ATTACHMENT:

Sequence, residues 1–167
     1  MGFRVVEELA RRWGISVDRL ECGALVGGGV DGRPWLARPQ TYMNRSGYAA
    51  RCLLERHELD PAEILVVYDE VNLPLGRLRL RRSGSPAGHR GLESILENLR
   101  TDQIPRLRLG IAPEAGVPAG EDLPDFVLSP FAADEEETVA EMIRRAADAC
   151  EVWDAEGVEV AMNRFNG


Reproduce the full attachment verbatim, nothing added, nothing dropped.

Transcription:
Sequence, residues 1–167
     1  MGFRVVEELA RRWGISVDRL ECGALVGGGV DGRPWLARPQ TYMNRSGYAA
    51  RCLLERHELD PAEILVVYDE VNLPLGRLRL RRSGSPAGHR GLESILENLR
   101  TDQIPRLRLG IAPEAGVPAG EDLPDFVLSP FAADEEETVA EMIRRAADAC
   151  EVWDAEGVEV AMNRFNG